005 - Quality and treatment of information collected
How can the primary data collected in the field be presented?
What forms of presentation are the most appropriate?
Activity One - Create - Graphs and Maps
For this section you need to convert the raw data that you collected in Geneva into a range of graphs. You should only use data that is directly relevant to your hypothesis. Try and illustrate a range of skills. It is entirely up to you what types of graphs you choose to use. The types of graphs that you could use (this list is not finite) include:
- Bar graph
- Composite bar chart
- Flow maps
- Isoline maps - digital through GIS
- Line graph
- Mapping - transect, bar, pictogram
- Pie chart
- Proportional circles on a map - digital through GIS
Activity Two - Create - Visual Evidence
You should also include visual evidence of what you saw. This could be in the form of sketch diagrams or photographs. Which ever method you chose you need to make sure you 'add value'. This means that they either need to be labelled or annotated and then referred to in the body of your analysis.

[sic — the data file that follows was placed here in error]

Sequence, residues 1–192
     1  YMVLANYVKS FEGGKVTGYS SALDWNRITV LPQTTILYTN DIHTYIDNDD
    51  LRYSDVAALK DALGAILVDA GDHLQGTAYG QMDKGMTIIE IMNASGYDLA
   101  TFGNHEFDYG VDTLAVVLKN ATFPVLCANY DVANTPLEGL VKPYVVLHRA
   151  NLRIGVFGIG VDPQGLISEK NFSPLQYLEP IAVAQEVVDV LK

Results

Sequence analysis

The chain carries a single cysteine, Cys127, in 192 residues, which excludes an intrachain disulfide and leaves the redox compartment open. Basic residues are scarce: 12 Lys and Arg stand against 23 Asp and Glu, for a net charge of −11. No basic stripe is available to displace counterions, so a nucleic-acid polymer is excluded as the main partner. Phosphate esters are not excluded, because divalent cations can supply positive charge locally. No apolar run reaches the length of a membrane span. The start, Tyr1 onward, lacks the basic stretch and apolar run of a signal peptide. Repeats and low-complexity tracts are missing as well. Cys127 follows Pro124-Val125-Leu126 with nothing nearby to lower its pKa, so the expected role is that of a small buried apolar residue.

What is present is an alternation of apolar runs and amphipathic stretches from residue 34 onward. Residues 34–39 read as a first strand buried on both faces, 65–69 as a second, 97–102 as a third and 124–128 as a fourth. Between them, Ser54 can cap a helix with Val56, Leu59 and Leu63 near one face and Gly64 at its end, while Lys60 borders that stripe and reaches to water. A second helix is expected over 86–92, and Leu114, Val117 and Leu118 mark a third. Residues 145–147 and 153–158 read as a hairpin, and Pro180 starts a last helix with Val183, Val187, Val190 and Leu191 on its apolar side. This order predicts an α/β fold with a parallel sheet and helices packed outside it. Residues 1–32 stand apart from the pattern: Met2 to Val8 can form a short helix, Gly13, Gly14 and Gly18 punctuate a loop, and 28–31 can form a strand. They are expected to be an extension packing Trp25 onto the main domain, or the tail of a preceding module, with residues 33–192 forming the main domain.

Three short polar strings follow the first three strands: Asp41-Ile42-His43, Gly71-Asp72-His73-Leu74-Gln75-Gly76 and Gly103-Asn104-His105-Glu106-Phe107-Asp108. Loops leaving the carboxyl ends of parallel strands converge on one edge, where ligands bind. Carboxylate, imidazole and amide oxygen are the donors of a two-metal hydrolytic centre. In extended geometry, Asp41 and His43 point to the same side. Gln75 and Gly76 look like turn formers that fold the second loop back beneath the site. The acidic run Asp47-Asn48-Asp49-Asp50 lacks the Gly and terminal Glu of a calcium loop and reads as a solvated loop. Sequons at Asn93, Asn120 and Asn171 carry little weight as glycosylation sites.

- Remember every image needs a figure number and a title.
- Minimum of two graphs.
- Minimum of one map which is presenting the data.
- Minimum of one annotated image (photograph or sketch diagram).
- All graphs, maps and images need to have a title and a figure number.
- All of your graphs, photographs, sketches and maps should be fully integrated into the analysis section.
- To add value to your images you should label or annotate them. No more than 9 words per annotation box.
- Word Count - 0
How will I be assessed?
For this section you will be assessed using Criterion C - Communicating. You will need to present your findings in an accurate and appropriate manner.